It's really funny if you get the joke with today's subject. If not, then you don't remember who made the song.
Just to get us all on the same page, here, I'm going to tell you the best joke I heard about recent events. It's kind of highbrow, so if you don't get it... well, it's your loss as usual:
"Musical group The Animals would like to retract their statement. There isn't a house in New Orleans."
Yeah, nothing quite like a "House of the Rising Sun" reference to brighten everyone's day. Oh, sure, it's been a couple of weeks since Katrina And The Waves hit New Orleans, so there might actually be some people other than myself who found that to be funny; or would, if they'd ever heard the song before. By the way, I'm quite aware that I'm going to burn in hell, and I'm going to do it for a lot more than a little mockery of hurricane-stricken communities in the south.
In a stunning turn of events... well, I have to quote this directly, so no one thinks I'm taking anything out of context. George Bush, of all people, said, "Two other points I want to make is, one, we can all pitch in by using -- by being better conservers of energy. I mean, people just need to recognize that the storms have caused disruption and that if they're able to maybe not drive when they -- on a trip that's not essential, that would helpful. "
That's right. George Bush said we should conserve energy! This runs completely counter to his administration's policy of destroying the earth as quickly as humanly possible, short of a nuclear exchange (which is still an option, though). And, if you're a staunch Republican (or otherwise misguided Bush supporter) and you think energy conservation has always been part of the Bush regime... er, administration's energy agenda, let's just flash back to a press briefing from May 7, 2001:
Q Is one of the problems with this, and the entire energy field, American lifestyles? Does the President believe that, given the amount of energy Americans consume per capita, how much it exceeds any other citizen in any other country in the world, does the President believe we need to correct our lifestyles to address the energy problem?
MR. FLEISCHER: That's a big no. The President believes that it's an American way of life, and that it should be the goal of policy makers to protect the American way of life.
Now, I could have just cut it off at the point where Ari Fleischer said, "That's a big no," and it would have been funny and it would have been fine, but Ari just jumped in the hole and kept on digging. See, back then, the agenda was to find alternative sources of energy, and they had big hopes for nuclear (or NOOK-yuh-luhr, if you're down with the Bush administration), but that just fizzled out like a chain-reaction at Three Mile Island. So here we are, four years later, with three-dollar per gallon gas prices, which are here to stay,
Cut back to 2001, the same press conference:
Q Ari, you've sent a pretty clear signal that there doesn't seem to be anything in the short term the President is inclined to do, even if gas prices go to $3 a gallon in prices like California and the Midwest. Does that mean that he feels gas prices going to $3 a gallon would not imperil the economy, would not imperil the recovery that we may be in now?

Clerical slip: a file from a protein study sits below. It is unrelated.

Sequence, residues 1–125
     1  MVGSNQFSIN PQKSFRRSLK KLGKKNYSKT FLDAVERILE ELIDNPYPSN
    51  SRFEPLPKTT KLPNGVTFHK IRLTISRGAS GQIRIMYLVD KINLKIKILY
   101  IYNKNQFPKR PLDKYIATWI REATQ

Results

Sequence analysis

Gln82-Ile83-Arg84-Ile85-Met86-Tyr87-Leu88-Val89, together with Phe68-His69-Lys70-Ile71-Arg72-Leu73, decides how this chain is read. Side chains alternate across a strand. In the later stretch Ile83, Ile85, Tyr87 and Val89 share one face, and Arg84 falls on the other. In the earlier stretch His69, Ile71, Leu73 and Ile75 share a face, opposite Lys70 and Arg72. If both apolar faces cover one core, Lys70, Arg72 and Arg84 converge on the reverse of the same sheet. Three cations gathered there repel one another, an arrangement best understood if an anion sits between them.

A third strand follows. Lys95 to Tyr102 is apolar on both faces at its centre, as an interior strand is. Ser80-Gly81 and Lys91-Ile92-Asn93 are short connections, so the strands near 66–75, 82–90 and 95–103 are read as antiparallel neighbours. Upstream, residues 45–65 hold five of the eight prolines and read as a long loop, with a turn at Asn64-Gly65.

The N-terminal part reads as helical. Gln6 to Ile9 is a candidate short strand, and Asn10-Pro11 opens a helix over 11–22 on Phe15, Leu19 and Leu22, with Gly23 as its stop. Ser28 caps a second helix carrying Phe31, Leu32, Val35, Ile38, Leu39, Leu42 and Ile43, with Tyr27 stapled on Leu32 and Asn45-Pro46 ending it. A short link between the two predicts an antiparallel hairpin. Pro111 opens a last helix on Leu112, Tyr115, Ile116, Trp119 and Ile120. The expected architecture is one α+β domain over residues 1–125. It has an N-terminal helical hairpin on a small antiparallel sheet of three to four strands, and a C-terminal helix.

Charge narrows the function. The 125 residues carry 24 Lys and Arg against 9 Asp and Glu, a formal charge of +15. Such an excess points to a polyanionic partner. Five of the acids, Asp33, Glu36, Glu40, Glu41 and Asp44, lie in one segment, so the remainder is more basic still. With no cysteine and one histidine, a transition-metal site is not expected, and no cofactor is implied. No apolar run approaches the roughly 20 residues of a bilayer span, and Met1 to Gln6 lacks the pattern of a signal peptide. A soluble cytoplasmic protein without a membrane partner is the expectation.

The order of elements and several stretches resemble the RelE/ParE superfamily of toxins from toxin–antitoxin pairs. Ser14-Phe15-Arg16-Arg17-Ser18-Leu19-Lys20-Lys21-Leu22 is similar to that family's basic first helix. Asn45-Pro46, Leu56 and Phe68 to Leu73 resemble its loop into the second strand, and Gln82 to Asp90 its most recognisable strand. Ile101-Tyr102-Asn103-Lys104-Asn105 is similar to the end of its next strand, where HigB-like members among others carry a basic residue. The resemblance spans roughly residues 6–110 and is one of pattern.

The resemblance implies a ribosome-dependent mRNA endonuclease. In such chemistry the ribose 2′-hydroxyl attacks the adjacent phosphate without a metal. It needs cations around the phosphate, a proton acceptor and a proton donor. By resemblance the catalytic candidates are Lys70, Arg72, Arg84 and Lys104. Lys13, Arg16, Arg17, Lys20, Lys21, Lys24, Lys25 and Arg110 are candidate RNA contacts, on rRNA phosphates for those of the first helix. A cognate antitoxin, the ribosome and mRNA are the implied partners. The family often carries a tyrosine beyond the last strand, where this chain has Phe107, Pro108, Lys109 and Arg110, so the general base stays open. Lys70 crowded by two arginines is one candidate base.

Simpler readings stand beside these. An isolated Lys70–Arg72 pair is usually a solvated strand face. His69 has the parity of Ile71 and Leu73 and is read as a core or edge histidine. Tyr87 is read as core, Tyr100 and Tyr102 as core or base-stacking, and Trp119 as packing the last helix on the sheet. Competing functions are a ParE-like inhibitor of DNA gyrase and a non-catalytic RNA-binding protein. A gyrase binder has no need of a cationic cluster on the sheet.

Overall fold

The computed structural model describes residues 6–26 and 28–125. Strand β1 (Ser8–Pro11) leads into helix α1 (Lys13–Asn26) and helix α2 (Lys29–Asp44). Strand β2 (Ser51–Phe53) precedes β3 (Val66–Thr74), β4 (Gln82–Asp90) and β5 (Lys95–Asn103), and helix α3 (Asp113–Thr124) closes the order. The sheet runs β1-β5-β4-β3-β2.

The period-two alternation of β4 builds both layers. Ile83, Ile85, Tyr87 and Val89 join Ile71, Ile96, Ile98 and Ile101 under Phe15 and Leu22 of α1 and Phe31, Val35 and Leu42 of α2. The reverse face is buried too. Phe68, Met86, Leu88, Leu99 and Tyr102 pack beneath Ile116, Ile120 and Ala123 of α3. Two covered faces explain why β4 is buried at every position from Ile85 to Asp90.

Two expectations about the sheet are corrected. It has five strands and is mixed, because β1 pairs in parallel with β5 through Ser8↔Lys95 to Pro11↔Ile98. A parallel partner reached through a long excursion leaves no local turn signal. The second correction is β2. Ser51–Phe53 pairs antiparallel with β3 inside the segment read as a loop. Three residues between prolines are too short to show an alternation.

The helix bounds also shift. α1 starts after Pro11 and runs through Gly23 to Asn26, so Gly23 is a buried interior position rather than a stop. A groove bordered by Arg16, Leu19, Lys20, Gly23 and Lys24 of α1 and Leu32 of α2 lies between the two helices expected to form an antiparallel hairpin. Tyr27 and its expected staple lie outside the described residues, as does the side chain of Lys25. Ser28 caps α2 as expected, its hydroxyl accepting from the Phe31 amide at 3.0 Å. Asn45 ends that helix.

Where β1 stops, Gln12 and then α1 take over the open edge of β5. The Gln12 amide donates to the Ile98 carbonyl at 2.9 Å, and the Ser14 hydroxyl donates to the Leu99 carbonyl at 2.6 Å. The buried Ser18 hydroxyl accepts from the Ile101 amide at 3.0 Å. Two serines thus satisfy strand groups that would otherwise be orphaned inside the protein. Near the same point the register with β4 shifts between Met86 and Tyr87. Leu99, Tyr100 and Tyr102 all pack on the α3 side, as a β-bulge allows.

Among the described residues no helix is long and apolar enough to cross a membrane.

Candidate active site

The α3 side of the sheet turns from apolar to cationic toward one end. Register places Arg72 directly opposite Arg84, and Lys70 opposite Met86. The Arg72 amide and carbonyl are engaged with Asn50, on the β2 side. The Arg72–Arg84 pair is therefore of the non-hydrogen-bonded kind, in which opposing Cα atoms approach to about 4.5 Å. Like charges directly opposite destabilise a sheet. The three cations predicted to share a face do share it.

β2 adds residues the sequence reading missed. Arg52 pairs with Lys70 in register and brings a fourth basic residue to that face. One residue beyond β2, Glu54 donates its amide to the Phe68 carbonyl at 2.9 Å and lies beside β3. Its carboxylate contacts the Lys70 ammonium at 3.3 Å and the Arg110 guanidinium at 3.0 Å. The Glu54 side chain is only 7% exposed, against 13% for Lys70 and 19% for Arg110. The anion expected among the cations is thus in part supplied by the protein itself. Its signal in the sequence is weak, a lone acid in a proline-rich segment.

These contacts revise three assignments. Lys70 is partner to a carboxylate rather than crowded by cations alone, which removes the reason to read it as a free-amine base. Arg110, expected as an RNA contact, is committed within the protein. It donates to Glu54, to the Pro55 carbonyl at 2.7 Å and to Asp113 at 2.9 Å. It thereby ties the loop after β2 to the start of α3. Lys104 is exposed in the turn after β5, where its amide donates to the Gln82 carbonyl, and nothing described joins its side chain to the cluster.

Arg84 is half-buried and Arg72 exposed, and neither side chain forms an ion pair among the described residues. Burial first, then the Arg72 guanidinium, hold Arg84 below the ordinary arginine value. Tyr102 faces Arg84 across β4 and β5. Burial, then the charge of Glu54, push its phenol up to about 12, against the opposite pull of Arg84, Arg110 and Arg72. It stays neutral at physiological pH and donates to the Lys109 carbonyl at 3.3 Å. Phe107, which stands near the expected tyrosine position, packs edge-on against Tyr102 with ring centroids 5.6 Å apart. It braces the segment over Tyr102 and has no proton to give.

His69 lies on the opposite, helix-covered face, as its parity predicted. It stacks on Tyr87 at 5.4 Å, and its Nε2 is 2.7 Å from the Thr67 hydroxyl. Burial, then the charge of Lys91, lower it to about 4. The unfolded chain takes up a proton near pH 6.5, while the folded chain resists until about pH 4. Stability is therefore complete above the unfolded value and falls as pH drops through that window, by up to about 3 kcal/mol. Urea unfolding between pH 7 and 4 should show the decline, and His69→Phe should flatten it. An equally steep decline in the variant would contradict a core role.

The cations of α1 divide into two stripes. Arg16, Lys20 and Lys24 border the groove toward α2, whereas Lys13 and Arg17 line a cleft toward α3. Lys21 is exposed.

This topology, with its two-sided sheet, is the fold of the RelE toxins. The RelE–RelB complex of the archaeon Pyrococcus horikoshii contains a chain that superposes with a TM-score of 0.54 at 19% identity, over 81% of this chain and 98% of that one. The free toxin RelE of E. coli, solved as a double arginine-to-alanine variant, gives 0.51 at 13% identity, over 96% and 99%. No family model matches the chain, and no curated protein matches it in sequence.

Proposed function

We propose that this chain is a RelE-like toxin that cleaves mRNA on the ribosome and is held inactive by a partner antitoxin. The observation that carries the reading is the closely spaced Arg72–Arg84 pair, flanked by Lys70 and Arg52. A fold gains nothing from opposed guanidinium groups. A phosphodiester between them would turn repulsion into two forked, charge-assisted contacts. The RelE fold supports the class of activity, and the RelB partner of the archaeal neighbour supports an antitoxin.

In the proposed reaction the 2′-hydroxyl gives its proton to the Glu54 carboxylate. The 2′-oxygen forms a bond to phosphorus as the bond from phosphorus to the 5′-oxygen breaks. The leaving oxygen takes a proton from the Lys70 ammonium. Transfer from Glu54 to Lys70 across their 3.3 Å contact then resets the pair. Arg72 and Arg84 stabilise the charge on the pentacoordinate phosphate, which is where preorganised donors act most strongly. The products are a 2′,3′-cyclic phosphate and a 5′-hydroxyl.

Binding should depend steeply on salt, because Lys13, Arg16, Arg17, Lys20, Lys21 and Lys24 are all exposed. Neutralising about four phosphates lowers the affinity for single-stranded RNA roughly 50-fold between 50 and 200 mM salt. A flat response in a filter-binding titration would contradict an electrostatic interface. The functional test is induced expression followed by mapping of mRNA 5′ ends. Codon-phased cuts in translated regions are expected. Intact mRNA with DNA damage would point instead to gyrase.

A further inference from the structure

MR. FLEISCHER: There will be things that can be done in the short term to affect conservation, for example. There will be a series of actions that can be short-term helpful to America's broader energy needs. But the focus of this program is going to be what the American people have been looking to Washington to do for so long, which is to demonstrate long-term leadership. If five or 10 years ago people in Washington had focused on these issues, the United States would not be in the position it's in today.
Here we are, four years later... still in the same position we were in back in May of 2001, completely bereft of the long-term leadership that Ari Fleischer called for, let alone whatever nonexistent energy program he was pushing. It reminds me of "the President's secret plan to fight inflation" episode of The West Wing, which I would italicize, but -again- I can't seem to figure out how to put those little icon doohickeys in my blog creation screen. I blame Windows.
In any case, I think George Bush has really turned a corner, and he'll be hugging trees on national television before the end of the year.
In other news Tom "The Hammer" DeLay has stepped down as House majority leader for conspiring to funnel illegal corporate campaign contributions into the state's 2002 legislative elections. When these charges were brought against DeLay, I think that I wasn't the only one of the American people who was actually shocked that, yes, that is against the law, and I wasn't actually living in the dystopian society of... oh, well, I still am, but except for that one part.
With a name like Tom "The Hammer" DeLay, I'm surprised he hasn't taken up professional wrestling as a side-job.
Looking over Slate.com's short-list of potential nominees to replace Sandra Day O'Connor's vacant position in the Supreme Court, we have Karen Williams, who said terrorism-suspect Zacharias Moussaoui didn't have the right to call witnesses to testify on his own behalf. Thankfully, the rest of the court decided that an individual's right to a fair trial outweighs the government's war-making and public-relations duties. And then we have Alice Batchelder, who rejected an appeal by a man whose IQ was one point above the limit for mental retardation, and then pointed to the fact that he had held a job, had a driver's license, and served in the military, which goes to show that we're really picking the cream of the crop for our armed forces.
This country is screwed, I'm telling you.